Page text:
Curse of the DemonReviewed By MP Bartley
Posted 06/18/07 19:00:37
(Worth A Look)
Curse of the Demon (or Night of the Demon as it's known outside of the US) is a great example of why producers should leave films to the directors. Director Jacques Torneur (The Cat People) wanted to have this supernatural horror/mystery not show the titular demon at all. The producers disagreed and insisted that he not only show the demon, but show it in the opening 5 minutes. The effect is that of Jaws if it opened with Bruce instead of Chrissie.There's no getting away with it, the demon looks exactly how you'd expect a 40 foot monster to look in a 1957 film. Take the opening sequence for example, when it hunts down and kills its first victim. The effect of a stormy cloud breaking into the night sky from nothing is actually incredibly effective, and even if the demon was seen only in long shot, at least then it would have an eerie mysterious quality to it. But, no, we're forced to see it in an extreme close-up with it looking as scary as the 1970s King Kong. If Tourneur had got his wish and been able to edit around the demon, and to only suggest at its appearance, then the opening and the end would have been much more effective - as would a scene where a stuffed leopard has to stand in for the real thing in a less than convincing attack.
But wait, I have come to praise Curse of the Demon, not bury it because dodgy special effects aside, it is a creepy, chilling horror that has been unfairly forgotten over the years. It focuses upon Doctor John Holden (Dana Andrews) a psychologist who arrives in England for a conference determined to disprove as many elements and theories of supernatural behaviour as he can. When he gets there he finds that Dr Harrington, also due at the conference, has died in horrific and mysterious circumstances. Meeting up with his niece, Joanna (Peggy Cummings), she tells him that her uncle was convinced that he was going to die after a spat with Dr Karswell (Niall MacGinnis), a firm believer in all things supernatural - particularly in the existence of demons which Joanna is convinced is the cause of her uncle's death. Holden remains steadfast in his scepticism, until he too runs foul of Karswell and finds his beliefs challenged to their very core.
The reason Curse of the Demon works so effectively is that it is approached not with a sensationalist tone, but one of scientific seriousness. Holden's character is key to this, as he is not a gullible, shrieking teenager, but an intelligent, rational man whose rationality is the driving force behind him. It's because Holden's belief (or disbelief rather) finally starts to shake that the film is so convincing with what could have been a silly William Castle-esque set up (and consider again how much more interesting the film would have been, if we never see the demon - particularly at the beginning. The shroud of ambiguity would have been a hell of a lot more effective). Instead, because Tourneur never directs this like a typical horror film, it becomes much more of an unsettling, disturbing experience. Sure, the fog bound woods are as spooky as any other director has ever made them, but Tourneur creates a Hitchcockian situation here, where the scares come in unexpected ways. A conversation in a cottage late at night is terrifying not just because they're discussing things that go bump in the night, but because of the lighting and the sounds of the horrendous storm outside. A children's party interrupted by a sudden storm becomes a subtly chilling scene, because Tourneur renders the supernatural implications of it so matter of factly.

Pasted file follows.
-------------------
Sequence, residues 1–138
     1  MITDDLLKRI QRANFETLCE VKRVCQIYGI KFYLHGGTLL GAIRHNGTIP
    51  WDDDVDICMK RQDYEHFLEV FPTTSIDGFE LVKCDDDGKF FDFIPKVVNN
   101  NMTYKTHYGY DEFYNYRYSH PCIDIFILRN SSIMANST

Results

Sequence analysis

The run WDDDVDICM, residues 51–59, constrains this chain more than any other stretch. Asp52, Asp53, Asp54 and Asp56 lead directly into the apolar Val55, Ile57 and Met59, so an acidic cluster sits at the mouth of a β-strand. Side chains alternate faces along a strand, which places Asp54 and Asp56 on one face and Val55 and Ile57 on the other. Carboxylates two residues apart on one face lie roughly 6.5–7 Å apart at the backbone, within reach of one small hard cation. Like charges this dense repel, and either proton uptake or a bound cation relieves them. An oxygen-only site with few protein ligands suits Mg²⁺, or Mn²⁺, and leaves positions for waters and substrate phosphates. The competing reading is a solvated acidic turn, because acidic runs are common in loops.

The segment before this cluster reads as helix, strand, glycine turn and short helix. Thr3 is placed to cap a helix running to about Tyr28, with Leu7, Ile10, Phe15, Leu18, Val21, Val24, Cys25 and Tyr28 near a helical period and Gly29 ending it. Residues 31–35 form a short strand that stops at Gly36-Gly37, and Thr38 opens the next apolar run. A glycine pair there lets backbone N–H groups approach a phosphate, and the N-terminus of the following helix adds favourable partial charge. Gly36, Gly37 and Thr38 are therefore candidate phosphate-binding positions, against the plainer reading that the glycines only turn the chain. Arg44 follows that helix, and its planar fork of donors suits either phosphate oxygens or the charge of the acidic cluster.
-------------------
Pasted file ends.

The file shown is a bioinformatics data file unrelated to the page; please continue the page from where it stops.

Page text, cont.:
It also gains a lot from Macginnis' portrayal of deep rooted malice. If Andrews and Cummins are dull leads, then MacGinnis with his tubby and balding frame, is a picture of urbane evil. Never raising his voice, never overacting, he's never scarier than when dressed as a clown for the aforementioned children's party, and is utterly convincing as a master of satanic arts, grounding it in a deep believability.
It's a film that, like The Exorcist say, works best not with shocking reveals of a monster, but with suggestion. The suggestive fear of what's behind you, the fear that there's something just wrong with that empty hotel corridor stretching into the distance. Psychologists have often said that humans are programmed to find faces in random objects such as clouds, wallpaper patterns and cliff faces for example. It's a notion that Tourneur plays on brilliantly with an intricately designed production design that constantly throws up suggestions of demonic faces behind the characters. This is arguably conjecture on my behalf - one person sees a face, another sees a random shape - but the film has a paranoid, uneasy atmosphere of always being watched and stalked. For example, keep an eye on the scene where Holden returns to his hotel room after being a specific deadline by Karswell - in particular the clouds at night that you can see out of his hotel window...Curse of the Demon is a film that has unfortunately not got the critical reputation it deserves partly because of the interfering producers, but also because of the hacked about running time which saw the US release lose about ten minutes from the much better European release. In dire need of a directors cut, it is a great example of how studio interference can turn a brilliant film into a merely great one.
|© Copyright HBS Entertainment, Inc.|